Diagnosis Please?

Decorating By loopilu Updated 14 Oct 2013 , 10:03pm by yellowdog15

loopilu Posted 28 Jan 2010 , 3:07pm
post #1 of 17


Please I really need help with this. I couldnt upload the pics to this post so it is in my photos.

This happens to all my cakes. They are not under or over mixed, and they not under cooked, skewer comes out clean.

The dark bits are really really hard and almost smooth to the touch.

Do you know what causes this??



16 replies
Lcubed82 Posted 28 Jan 2010 , 3:22pm
post #2 of 17

My mother always called those "sad streaks", but ours were usually more of an underbaked texture, no matter how well done the rest of the cake was. Usually in pound cakes for me. Never did figure out what caused it. Sorry!

FromScratch Posted 28 Jan 2010 , 3:25pm
post #3 of 17

What's your recipe? Looks like it's underdone to me, but just slightly. Or it could be excessive moisture in your recipe.

tracieudes Posted 28 Jan 2010 , 3:31pm
post #4 of 17

to much cake release? That used to happen to my cakes.. after I spray my pans I wipe them out... and it seems to work. HTH

loopilu Posted 28 Jan 2010 , 3:39pm
post #5 of 17

i have used wasc scratch recipe, thats the one that is pictured, also 2 madiera recipes. they all started doing it. I grease my pan with butter and line with greaseproof paper. I dont understand, if its undercooked, why is the skewer coming out clean? and the outside slightly over cooked? Bake at 140 - 180 degrees depending what the recipe calls for, in a fan assisted oven. icon_cry.gif

tinygoose Posted 28 Jan 2010 , 3:51pm
post #6 of 17

Have you checked your oven with an oven therm? It may be off or fluctuating too much. 140c is only 280 f , unless I'm converting wrong, and seems awfully low to me to be baking.

loopilu Posted 28 Jan 2010 , 3:55pm
post #7 of 17

im hoping that it is not the oven temp, the oven is only four months old! 140 is for a madiera racipe i use sometime, the wasc i have cooked on 180 and have tried at 170 coz its fan assisted. Thanks everybody for you thoughts, i just dont know icon_sad.gif

ZlatkaT Posted 28 Jan 2010 , 4:20pm
post #8 of 17

This almost always happen to me when I baked from scratch. Since I made cakes from doctored cake box, my cakes are fine. Go figure..?

Mike1394 Posted 28 Jan 2010 , 5:28pm
post #9 of 17

Do a leavener check. What ever your using check it. If BP check it in some warm/tepid water. If BS check it in some sort of warm acid.

Are you sifting the leavener with the flour? All dry sifted together?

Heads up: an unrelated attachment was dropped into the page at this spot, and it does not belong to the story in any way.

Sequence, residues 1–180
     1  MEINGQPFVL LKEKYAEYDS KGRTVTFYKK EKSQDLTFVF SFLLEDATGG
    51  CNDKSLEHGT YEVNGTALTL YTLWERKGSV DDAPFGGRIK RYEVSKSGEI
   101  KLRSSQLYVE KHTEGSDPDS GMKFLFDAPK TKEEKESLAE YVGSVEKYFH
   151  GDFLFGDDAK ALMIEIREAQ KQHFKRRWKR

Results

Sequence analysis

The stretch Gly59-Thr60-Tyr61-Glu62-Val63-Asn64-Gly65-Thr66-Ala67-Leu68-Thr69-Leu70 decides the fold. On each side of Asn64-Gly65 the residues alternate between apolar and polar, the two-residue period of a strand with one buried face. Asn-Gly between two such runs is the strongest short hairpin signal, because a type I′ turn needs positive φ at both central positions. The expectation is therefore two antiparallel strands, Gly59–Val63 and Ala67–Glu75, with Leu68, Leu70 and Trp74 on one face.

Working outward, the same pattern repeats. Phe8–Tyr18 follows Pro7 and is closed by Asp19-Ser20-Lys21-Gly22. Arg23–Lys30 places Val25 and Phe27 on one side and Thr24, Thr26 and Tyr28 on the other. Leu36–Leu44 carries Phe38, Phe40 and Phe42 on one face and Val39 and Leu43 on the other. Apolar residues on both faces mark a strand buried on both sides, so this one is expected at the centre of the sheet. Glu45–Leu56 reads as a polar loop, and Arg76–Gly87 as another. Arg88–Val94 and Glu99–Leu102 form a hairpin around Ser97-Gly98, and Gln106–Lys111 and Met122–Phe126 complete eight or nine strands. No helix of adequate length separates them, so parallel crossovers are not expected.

KoryAK Posted 28 Jan 2010 , 6:10pm
post #10 of 17

That's a sad streak. Underbaked OR collapsing before it's fully set. Try baking at a bit highter temp.

KoryAK Posted 28 Jan 2010 , 6:11pm
post #11 of 17

That's a sad streak. Underbaked OR collapsing before it's fully set. Try baking at a bit highter temp.

_Jamie_ Posted 28 Jan 2010 , 6:12pm
post #12 of 17

So she says her skewer comes out clean. Is this due to the skewer passing thru done cake and the underbaked part coming off before it comes all the way out?

vagostino Posted 28 Jan 2010 , 6:38pm
post #13 of 17

I found this info:


Sad streak under top of cake:

Under baking
Cake being knocked or moved during baking
Too hot an oven

Sad streak at bottom of cake:

Too much liquid
Insufficient baking powder
Insufficient sugar
Too soft a flour
Weak or insufficient egg

mlharvell Posted 28 Jan 2010 , 6:49pm
post #14 of 17
Originally Posted by KoryAK

That's a sad streak. Underbaked OR collapsing before it's fully set. Try baking at a bit highter temp.

See, I think it's the exact opposite. Based on the second photo, the sides of the cake are slanted, indicating overbaking. I say lower the temperature and cook for a longer time.

loopilu Posted 28 Jan 2010 , 7:15pm
post #15 of 17

cheers for everybodys input.

Mike, I do sift all dry ingredients together.

Jamie, no, that isn't the case. At times, having inserted the skewer, it gets harder to push through the problem area, it has already firmed up harder that the rest of the cake whilst in the oven, not apon cooling.

The positioning varies, sometimes top, sometimes bottom, sometimes random spots throughout. I will test the BP.

Its difficult to pin point, if i bake at a higher temp, it just overcooks the outside. Lower temp no change

Bluehue Posted 28 Jan 2010 , 7:18pm
post #16 of 17

If you are cooking your cakes in a permanant fan forced oven then you must turn your temperature down by about 20C to what the recipe states.

And thus extend your cooking time by at least 30 minutes.

Otherwise the outside will be crusty but the inside patchy and undercooked,
which is what is happeneing to your cakes.
If you knock the temp down and extend the baking time you should not need baking strips.

Also, remember that halving F temperatures does not give you C temperatures in your oven.

Below is a guide to oven temperatures............. but all oven manufactureres have their own temperature guides.

Very Slow = 120C = 250F = Gas Mark 1
Slow = 150C = 300F = Gas Mark 2
Mod Slow = 160C = 325f = Gas Mark 3
Moderate = 180 - 190C = 350 - 375F = Gas Mark 4
Mod Hot = 200 - 210C = 400 - 425F = Gas Mark 5
Hot = 220 - 230C = 450 - 475F = Gas Mark 6


yellowdog15 Posted 14 Oct 2013 , 10:03pm
post #17 of 17

I totally know what you mean, i think it has something to do with the quality of the sugar

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